Garland Denies Panel Access To Communications Between DOJ And DA Offices

( — Attorney General Merrick Garland pushed back on Republican lawmakers last week, denying that the Justice Department coordinated with Manhattan District Attorney Alvin Bragg in the prosecution of Donald Trump.

The attorney general appeared before the House Judiciary Committee last Tuesday, where he defended the integrity of the Justice Department and his tenure by telling the lawmakers seeking to hold him in contempt of Congress for refusing to release the audio of President Biden’s interview with Special Counsel Robert Hur that he would “not be intimidated.”

Garland refused Florida Republican Matt Gaetz’s request to release any communications the Justice Department had with District Attorney Bragg’s office, insisting that the DOJ did not control the DA’s office.

He dismissed as a “conspiracy theory” the allegations that the Justice Department was behind Bragg’s prosecution of Donald Trump, who was convicted on May 30 on all 34 felony charges.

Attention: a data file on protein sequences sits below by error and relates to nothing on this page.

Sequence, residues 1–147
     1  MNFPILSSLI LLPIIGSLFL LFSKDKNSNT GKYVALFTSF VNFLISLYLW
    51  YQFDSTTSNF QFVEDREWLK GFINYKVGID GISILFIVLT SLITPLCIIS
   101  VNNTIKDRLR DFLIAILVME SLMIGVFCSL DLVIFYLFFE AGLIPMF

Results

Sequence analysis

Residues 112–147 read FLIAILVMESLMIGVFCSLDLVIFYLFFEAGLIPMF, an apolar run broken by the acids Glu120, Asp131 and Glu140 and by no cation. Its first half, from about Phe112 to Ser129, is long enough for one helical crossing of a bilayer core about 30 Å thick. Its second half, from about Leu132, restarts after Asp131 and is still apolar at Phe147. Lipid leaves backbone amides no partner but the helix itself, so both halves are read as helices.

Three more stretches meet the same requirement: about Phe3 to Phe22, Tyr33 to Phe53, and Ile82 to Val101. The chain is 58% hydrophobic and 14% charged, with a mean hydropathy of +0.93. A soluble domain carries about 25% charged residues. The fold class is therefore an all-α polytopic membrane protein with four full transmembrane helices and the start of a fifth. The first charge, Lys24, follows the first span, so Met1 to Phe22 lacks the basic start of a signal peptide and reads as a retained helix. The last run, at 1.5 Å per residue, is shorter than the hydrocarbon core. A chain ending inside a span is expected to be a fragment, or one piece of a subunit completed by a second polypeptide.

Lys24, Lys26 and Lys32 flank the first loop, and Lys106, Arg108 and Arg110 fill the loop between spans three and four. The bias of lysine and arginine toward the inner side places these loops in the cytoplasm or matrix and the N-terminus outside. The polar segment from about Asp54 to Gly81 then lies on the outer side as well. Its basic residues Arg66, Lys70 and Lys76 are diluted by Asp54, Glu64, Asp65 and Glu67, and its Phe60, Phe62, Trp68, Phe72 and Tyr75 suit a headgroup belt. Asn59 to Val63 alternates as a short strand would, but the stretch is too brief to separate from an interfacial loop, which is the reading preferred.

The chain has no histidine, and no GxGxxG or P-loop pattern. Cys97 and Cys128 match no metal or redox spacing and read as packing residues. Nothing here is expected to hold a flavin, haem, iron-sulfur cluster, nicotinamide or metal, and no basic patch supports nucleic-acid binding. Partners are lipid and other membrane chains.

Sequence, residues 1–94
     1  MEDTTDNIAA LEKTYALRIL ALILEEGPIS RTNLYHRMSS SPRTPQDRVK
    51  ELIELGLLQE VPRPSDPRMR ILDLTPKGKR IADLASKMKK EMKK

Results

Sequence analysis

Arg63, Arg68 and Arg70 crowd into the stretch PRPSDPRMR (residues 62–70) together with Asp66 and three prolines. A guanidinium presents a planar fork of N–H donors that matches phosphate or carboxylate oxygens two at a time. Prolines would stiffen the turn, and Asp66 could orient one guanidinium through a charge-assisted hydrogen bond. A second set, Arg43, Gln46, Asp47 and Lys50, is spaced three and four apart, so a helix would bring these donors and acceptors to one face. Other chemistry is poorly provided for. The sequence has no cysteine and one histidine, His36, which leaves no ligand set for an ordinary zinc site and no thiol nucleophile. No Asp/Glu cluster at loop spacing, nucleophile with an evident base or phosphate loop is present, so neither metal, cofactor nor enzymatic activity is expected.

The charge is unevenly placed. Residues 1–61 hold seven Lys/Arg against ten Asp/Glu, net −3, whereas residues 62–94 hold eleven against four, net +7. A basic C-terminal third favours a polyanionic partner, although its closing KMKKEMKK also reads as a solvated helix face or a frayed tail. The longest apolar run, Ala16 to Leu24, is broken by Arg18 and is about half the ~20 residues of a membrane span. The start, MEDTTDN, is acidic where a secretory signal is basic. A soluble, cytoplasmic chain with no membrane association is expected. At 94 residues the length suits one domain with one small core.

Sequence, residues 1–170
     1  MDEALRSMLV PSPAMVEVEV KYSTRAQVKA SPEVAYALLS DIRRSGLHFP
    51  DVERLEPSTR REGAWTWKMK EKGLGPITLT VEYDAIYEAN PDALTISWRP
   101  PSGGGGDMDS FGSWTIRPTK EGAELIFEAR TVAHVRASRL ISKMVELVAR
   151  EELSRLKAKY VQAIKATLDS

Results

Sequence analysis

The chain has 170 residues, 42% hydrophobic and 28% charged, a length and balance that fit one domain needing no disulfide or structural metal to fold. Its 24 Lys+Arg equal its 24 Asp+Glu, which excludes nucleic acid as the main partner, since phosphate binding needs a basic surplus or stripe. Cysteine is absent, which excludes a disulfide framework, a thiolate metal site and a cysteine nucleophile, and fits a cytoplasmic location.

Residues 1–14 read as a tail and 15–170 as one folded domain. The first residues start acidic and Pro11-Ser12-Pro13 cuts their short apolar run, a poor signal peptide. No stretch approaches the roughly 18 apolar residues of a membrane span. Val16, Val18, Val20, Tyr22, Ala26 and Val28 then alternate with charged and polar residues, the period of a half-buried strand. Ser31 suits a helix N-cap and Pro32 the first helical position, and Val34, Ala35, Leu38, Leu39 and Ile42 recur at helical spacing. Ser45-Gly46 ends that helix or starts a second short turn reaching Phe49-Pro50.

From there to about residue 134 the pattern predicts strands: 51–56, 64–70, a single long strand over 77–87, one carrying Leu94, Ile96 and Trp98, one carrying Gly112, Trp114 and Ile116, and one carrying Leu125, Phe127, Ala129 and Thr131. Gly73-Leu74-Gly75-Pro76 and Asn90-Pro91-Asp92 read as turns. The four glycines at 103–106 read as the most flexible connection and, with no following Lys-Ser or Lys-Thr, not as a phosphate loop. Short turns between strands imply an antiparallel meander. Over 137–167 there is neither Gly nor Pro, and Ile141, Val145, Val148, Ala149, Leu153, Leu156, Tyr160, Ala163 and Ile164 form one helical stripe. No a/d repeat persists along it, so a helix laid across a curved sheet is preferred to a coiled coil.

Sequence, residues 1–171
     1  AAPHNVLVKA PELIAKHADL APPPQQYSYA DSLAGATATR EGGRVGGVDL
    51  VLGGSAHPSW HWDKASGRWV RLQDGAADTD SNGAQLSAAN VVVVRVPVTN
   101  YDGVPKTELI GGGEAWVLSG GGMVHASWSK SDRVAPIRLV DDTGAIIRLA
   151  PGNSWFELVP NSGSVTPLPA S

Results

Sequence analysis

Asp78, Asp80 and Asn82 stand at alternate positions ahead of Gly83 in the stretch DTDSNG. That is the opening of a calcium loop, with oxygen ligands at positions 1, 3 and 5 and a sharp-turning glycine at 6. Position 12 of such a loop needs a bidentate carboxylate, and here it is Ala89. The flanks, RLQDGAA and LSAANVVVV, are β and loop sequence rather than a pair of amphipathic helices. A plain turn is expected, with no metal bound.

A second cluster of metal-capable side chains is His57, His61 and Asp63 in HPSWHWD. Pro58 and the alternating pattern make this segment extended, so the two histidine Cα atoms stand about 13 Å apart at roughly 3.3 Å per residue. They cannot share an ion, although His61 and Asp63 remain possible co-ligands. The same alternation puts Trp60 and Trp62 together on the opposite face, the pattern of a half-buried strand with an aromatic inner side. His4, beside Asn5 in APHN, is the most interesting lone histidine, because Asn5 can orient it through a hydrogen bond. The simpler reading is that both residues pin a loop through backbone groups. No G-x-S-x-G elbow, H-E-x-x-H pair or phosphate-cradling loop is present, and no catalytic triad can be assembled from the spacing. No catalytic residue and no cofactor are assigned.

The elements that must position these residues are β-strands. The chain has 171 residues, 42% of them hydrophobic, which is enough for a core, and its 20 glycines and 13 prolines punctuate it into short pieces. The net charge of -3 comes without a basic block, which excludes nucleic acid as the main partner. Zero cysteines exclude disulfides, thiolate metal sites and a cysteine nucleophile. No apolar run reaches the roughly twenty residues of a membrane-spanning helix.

Garland repeatedly defended the integrity of the Justice Department and told the Republicans on the committee that he and the DOJ would not be deterred from upholding the rule of law.

Garland described the House Judiciary and Oversight Committees’ resolutions to hold him in contempt of Congress as just the most recent in “a long line of attacks” by Republican lawmakers that have not and would not intimidate either him or the Department of Justice.

He vowed that the DOJ would continue to do its work “free from political influence” and insisted that the department would not “back down from defending our democracy.”

Republican lawmakers repeatedly accused the attorney general of weaponizing the Justice Department to target Donald Trump, a claim that Garland described as an “attack on the judicial process.”

With self-righteous indignation, the attorney general insisted that he had spent his career ensuring that the Justice Department upheld the rule of law and treated all cases alike. He insisted that the DOJ did not take into account political party, wealth, influence, or power in its investigations.

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